Angelman Syndrome

National Organization for Rare Disorders, Inc.

Important
It is possible that the main title of the report Angelman Syndrome is not the name you expected. Please check the synonyms listing to find the alternate name(s) and disorder subdivision(s) covered by this report.

Synonyms

  • AS
  • Happy Puppet Syndrome (obsolete)

Disorder Subdivisions

  • None

General Discussion

Angelman syndrome (AS) is a rare genetic neurological disorder characterized by severe developmental delays and learning disabilities; the absence or near absence of speech; an inability to coordinate voluntary movements (ataxia) and tremulous with jerky movements of the arms and legs; and a distinct behavioral pattern characterized by a happy disposition and unprovoked episodes of laughter and smiling, often at inappropriate times. Although affected individuals may be unable to speak, many gradually learn to communicate through other means such as gesturing. In addition, children may have enough receptive language ability to understand language to understand simple commands. Additional symptoms may occur in some cases including seizures, sleep disorders and feeding difficulties. Some affected children may have distinctive facial features.

Angelman syndrome is caused by deletion of or abnormal expression of the UBE3A gene that is located on the long arm (q) of chromosome 15 (15q11-q13). In most affected individuals, Angelman syndrome appears to occur spontaneously (sporadically) for unknown reasons. However, some familial cases have been reported.

Resources

March of Dimes Birth Defects Foundation
1275 Mamaroneck Avenue
White Plains, NY 10605
Tel: (914)997-4488
Fax: (914)997-4763
Tel: (888)663-4637
Email: Askus@marchofdimes.com
Internet: http://www.marchofdimes.com

Arc (a national organization on mental retardation)
1010 Wayne Ave
Suite 650
Silver Spring, MD 20910
Tel: (301)565-3842
Fax: (301)565-3843
Tel: (800)433-5255
TDD: (817)277-0553
Email: info@thearc.org
Internet: http://www.thearc.org/

Angelman Syndrome Foundation, Inc.
4255 Westbrook Drive 3015 E. New York Street
Suite 219
Aurora, IL 60504
USA
Tel: (630)978-4245
Fax: (630)978-7408
Tel: (800)432-6435
Email: info@angelman.org
Internet: http://www.angelman.org

Epilepsy Foundation
8301 Professional Place
Landover, MD 20785
Tel: (301)459-3700
Fax: (301)577-2684
Tel: (800)332-1000
TDD: (800)332-2070
Email: info@efa.org
Internet: http://www.epilepsyfoundation.org

Angelman Syndrome Support and Education Research Trust (ASSERT)
PO Box 13694
Musselburgh, Intl EH21 6XZ
United Kingdom
Tel: 011-44-1980-652-617
Email: contact@angelmanuk.org
Internet: http://www.angelmanuk.org

National Institute of Neurological Disorders and Stroke (NINDS)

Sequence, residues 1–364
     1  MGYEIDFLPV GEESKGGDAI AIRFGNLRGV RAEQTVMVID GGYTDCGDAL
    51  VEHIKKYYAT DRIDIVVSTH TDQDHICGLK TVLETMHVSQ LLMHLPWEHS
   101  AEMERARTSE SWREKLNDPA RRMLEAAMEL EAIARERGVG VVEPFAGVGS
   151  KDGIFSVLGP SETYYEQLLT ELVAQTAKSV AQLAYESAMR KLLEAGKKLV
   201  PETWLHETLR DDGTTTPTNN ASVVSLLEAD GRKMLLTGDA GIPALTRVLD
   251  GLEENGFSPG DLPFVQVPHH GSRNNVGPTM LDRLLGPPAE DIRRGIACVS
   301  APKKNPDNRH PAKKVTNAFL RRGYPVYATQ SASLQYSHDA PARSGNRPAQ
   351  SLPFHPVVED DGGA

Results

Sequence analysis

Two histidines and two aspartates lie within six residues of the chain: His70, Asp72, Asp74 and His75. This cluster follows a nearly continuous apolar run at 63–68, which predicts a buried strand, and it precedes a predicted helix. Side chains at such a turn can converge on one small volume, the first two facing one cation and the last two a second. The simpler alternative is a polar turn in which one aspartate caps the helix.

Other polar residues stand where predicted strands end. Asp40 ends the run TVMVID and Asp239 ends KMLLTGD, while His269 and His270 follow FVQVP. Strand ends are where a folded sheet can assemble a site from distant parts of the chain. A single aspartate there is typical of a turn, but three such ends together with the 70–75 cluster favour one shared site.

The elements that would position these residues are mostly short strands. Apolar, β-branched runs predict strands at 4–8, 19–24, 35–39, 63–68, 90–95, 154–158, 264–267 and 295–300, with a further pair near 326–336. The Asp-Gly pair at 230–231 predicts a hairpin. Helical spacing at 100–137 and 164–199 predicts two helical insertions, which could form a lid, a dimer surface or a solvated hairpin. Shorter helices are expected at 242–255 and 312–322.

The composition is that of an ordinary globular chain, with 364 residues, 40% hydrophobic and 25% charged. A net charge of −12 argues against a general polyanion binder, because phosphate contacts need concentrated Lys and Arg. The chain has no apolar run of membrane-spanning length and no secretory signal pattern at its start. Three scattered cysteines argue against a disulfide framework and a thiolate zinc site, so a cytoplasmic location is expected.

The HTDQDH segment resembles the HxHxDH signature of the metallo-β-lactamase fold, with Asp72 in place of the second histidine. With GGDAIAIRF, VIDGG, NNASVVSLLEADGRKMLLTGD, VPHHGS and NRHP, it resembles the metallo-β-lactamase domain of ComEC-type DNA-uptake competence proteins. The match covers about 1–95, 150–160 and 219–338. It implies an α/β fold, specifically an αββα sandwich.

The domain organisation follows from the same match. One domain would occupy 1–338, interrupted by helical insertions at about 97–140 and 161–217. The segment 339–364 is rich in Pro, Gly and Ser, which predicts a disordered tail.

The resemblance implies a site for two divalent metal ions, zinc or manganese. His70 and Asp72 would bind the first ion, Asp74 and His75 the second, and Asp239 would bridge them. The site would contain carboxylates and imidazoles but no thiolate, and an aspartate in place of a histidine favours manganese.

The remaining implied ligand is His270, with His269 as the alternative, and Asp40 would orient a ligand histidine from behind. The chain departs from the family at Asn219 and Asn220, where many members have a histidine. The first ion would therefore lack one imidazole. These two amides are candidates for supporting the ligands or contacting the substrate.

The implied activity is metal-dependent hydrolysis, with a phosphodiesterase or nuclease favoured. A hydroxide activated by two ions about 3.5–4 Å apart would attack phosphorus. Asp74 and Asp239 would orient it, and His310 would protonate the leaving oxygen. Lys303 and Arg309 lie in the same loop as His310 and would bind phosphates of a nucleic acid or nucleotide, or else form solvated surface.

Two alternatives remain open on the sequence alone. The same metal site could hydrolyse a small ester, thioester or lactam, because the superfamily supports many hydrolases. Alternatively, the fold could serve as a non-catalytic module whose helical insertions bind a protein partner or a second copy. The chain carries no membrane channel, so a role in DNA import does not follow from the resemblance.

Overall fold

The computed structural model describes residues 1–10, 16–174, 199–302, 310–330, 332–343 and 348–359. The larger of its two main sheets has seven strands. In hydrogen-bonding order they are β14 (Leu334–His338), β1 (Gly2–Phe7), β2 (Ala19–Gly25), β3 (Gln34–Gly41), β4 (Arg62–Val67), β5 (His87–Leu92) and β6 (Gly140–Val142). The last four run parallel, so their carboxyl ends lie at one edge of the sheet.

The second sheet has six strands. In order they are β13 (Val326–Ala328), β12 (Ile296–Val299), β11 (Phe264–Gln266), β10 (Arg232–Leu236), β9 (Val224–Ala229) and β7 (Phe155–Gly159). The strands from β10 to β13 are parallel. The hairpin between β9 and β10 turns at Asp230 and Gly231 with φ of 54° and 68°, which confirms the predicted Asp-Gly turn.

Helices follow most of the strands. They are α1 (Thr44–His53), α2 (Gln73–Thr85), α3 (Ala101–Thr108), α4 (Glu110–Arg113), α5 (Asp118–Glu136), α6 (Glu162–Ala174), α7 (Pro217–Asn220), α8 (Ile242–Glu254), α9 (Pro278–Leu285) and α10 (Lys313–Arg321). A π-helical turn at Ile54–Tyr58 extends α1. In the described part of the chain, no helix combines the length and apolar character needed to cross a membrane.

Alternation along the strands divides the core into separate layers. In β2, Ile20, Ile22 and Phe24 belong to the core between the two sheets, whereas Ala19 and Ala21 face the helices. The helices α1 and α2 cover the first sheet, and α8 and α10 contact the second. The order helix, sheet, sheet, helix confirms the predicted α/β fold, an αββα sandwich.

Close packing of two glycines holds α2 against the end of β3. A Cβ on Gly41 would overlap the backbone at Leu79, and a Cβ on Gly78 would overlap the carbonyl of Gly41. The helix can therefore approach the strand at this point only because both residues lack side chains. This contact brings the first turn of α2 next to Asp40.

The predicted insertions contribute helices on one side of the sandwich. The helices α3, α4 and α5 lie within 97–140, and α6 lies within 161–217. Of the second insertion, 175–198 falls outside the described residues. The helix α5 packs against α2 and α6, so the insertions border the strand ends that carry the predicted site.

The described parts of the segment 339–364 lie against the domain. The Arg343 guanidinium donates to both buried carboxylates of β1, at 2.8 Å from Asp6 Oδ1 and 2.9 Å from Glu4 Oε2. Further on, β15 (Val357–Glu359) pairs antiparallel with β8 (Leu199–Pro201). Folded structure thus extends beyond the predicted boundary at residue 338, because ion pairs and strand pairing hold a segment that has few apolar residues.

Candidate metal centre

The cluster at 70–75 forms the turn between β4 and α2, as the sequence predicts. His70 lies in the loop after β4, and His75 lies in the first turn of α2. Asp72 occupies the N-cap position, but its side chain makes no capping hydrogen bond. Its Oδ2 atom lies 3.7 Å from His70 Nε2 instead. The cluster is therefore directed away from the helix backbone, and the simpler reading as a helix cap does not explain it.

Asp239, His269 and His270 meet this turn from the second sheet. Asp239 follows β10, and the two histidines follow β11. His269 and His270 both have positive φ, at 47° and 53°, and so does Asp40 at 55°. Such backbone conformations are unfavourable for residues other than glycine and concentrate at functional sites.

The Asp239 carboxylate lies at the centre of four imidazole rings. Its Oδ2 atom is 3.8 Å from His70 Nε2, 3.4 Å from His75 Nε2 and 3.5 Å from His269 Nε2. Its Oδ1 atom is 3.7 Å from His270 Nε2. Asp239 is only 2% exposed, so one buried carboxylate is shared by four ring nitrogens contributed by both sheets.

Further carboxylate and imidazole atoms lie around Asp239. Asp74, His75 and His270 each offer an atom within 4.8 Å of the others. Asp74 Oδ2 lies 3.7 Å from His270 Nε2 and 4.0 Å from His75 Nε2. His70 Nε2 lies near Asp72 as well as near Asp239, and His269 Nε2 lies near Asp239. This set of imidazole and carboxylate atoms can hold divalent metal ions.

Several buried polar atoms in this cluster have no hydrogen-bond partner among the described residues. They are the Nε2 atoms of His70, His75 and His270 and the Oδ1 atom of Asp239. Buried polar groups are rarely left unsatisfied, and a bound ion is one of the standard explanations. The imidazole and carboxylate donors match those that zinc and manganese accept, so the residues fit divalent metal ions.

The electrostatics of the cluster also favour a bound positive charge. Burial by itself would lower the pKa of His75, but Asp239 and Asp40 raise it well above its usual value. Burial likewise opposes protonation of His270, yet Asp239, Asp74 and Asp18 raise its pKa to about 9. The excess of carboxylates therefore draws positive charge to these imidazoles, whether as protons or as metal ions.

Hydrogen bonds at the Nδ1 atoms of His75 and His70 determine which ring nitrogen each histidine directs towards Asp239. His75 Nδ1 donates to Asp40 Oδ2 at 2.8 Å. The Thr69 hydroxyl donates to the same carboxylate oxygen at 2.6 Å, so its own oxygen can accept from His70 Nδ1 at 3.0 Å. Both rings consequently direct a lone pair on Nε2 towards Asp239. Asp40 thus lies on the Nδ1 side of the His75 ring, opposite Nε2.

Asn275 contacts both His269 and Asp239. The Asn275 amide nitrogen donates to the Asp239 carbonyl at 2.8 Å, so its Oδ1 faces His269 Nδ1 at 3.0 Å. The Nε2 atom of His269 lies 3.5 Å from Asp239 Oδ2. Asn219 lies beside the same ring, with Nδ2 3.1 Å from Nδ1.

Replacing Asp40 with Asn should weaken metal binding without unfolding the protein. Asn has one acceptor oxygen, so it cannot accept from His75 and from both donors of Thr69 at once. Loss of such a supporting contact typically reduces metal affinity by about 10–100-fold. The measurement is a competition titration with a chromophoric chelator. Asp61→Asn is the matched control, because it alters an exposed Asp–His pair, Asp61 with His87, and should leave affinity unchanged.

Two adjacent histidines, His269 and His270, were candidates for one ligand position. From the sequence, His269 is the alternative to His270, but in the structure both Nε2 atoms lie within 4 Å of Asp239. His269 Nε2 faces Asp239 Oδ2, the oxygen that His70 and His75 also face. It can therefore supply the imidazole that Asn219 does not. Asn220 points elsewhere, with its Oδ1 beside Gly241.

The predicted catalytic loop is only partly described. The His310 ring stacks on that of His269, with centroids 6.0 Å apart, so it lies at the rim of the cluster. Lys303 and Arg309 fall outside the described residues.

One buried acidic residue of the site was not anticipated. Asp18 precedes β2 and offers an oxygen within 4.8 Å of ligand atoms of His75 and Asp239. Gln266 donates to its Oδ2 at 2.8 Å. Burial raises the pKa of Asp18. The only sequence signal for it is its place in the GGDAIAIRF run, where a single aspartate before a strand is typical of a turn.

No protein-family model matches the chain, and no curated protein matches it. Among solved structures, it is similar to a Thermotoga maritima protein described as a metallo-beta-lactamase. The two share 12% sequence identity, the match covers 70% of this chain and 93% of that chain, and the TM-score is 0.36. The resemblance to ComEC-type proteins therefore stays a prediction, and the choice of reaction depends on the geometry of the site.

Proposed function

P.O. Box 5801
Bethesda, MD 20824
Tel: (301)496-5751
Fax: (301)402-2186
Tel: (800)352-9424
TDD: (301)468-5981
Email: me20t@nih.gov
Internet: http://www.ninds.nih.gov/

Canadian Angelman Syndrome Society
P.O. Box 37
Priddis
Alberta, Intl T0L 1W0
Canada
Tel: 4039312415
Fax: 4039312415
Email: cass01@telus.net
Internet: http://www.angelmancanada.org

NIH/National Institute of Child Health and Human Development
31 Center Dr
Building 31, Room 2A32
MSC2425
Bethesda, MD 20892
Tel: (301)496-5133
Fax: (301)496-7101
Internet: http://www.nichd.nih.gov/

MUMS National Parent-to-Parent Network
150 Custer Court
Green Bay, WI 54301-1243
USA
Tel: (920)336-5333
Fax: (920)339-0995
Tel: (877)336-5333
Email: mums@netnet.net
Internet: http://www.netnet.net/mums/

Genetic and Rare Diseases (GARD) Information Center
PO Box 8126
Gaithersburg, MD 20898-8126
Tel: (301)251-4925
Fax: (301)251-4911
Tel: (888)205-2311
TDD: (888)205-3223
Email: ordr@od.nih.gov
Internet: http://rarediseases.info.nih.gov/Default.aspx

Madisons Foundation
PO Box 241956
Los Angeles, CA 90024
Tel: (310)264-0826
Fax: (310)264-4766
Email: getinfo@madisonsfoundation.org
Internet: http://www.madisonsfoundation.org

For a Complete Report

For a Complete Report

This is an abstract of a report from the National Organization for Rare Disorders, Inc. ® (NORD). A copy of the complete report can be obtained for a small fee by visiting the NORD website. The complete report contains additional information including symptoms, causes, affected population, related disorders, standard and investigational treatments (if available), and references from medical literature. For a full-text version of this topic, see http://www.rarediseases.org/search/rdblist.html

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